They added that a leaked document signed by Johann Sattler, the Head of the Delegation of the European Union to Bosnia and Herzegovina, suggests that EU Commissioner for Neighborhood and Enlargement, Olivér Várhelyi, openly agreed with Milorad Dodik in potentially breaking up BiH.

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The signatories of the letter emphasize that the European Commissioners cannot act beyond their mandate contrary to official EU policy pertaining to the Western Balkan region.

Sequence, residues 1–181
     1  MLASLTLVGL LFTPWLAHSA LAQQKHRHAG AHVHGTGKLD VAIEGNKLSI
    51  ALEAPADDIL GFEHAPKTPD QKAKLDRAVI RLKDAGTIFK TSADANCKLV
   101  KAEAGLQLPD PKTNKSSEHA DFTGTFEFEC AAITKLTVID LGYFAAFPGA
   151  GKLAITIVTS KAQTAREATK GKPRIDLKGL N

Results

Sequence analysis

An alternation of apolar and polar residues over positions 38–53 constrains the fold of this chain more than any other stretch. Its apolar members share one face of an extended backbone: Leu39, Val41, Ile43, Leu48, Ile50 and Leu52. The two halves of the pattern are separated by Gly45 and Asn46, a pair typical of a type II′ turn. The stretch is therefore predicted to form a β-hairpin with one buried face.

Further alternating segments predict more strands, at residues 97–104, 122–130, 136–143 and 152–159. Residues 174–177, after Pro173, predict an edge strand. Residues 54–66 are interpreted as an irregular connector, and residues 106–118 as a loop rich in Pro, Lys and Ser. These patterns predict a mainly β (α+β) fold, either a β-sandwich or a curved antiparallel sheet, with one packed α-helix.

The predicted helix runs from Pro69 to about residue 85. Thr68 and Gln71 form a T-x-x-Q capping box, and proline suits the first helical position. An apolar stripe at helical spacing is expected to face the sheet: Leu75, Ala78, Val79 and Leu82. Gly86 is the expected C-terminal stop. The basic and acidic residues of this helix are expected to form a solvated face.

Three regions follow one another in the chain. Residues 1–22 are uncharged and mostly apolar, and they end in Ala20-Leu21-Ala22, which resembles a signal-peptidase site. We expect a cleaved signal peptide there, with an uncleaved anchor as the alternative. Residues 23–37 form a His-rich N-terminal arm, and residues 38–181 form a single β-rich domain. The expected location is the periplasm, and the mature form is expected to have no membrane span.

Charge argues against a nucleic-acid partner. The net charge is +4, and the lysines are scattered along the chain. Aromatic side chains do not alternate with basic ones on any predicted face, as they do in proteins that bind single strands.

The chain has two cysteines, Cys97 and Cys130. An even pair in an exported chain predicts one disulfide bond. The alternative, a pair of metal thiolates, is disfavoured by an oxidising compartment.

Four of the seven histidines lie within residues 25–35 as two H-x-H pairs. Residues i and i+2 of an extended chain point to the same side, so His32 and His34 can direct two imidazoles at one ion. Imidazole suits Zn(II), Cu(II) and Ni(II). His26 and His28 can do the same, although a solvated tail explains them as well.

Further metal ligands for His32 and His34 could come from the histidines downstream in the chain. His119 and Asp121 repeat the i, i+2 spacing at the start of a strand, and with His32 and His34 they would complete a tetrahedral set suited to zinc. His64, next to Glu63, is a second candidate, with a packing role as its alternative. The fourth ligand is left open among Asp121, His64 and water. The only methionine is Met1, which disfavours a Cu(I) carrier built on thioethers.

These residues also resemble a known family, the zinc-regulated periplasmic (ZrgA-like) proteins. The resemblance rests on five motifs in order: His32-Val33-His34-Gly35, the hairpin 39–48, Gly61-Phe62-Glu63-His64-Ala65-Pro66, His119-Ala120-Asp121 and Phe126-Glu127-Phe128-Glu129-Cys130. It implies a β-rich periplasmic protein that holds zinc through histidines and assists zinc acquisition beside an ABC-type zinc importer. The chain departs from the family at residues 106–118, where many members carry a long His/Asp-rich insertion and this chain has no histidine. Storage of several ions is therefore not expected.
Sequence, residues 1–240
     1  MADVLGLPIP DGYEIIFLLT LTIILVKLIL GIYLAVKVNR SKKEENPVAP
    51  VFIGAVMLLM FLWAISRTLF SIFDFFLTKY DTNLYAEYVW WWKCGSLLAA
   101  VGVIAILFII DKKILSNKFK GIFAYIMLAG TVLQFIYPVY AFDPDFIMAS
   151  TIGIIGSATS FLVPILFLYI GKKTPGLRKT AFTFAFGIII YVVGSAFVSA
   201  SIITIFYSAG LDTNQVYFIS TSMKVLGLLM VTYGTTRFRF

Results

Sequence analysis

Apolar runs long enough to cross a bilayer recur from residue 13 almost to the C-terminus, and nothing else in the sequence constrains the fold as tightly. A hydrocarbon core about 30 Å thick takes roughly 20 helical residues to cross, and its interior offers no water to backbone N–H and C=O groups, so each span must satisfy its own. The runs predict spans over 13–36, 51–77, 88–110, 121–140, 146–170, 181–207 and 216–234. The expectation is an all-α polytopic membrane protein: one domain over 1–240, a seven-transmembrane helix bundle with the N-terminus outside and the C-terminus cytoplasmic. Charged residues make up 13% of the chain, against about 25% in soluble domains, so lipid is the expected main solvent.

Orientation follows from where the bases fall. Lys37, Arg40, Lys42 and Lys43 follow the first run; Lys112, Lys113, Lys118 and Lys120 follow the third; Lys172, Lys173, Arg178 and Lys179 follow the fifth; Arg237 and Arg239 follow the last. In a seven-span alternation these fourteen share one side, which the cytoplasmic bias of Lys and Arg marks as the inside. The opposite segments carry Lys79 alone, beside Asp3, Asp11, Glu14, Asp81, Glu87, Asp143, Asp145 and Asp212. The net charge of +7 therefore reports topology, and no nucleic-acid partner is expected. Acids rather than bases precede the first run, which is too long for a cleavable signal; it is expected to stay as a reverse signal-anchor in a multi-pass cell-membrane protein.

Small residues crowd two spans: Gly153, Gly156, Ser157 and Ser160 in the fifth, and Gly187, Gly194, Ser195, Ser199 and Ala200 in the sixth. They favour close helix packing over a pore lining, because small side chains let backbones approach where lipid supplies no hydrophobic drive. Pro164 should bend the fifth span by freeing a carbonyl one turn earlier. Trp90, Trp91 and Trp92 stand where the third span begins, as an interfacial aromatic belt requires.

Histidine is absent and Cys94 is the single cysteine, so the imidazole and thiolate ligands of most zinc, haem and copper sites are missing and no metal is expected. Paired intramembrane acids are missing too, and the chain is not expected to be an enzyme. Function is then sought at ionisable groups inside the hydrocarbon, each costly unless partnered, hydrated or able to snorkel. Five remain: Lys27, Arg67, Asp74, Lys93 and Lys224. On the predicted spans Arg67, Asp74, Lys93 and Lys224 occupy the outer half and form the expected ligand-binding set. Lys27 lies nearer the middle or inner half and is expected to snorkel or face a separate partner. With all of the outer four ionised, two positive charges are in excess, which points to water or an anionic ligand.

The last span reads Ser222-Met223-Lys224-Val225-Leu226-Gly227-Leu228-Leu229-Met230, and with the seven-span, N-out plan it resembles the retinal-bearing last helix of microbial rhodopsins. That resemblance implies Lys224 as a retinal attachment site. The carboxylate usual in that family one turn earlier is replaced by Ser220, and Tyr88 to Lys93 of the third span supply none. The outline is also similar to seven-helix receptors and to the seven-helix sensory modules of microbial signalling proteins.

“If the impartiality and neutrality of the Commission is called into question, the fragile geopolitical balance becomes immediately threatened,” the letter reads. “In this context, we would like to ask whether the Commission considers Commissioner Várhelyi’s conduct was in line with official EU policy towards BiH?”, the MEPs ask von der Leyen. The representatives also raise the question to the President of the European Commission whether an internal investigation into Várhelyi was expected.

Várhelyi serving the interests of the Orbán gov’t?

As a result of the 1992-95 Bosnian war, Bosnia and Herzegovina today consists of two loose unions, each with its own institutional system, but their representatives also participate in the work of the joint, federal institutions. Milorad Dodik, the leader of the largely Serb-populated Republika Srpska, has been campaigning for years for the secession of the region.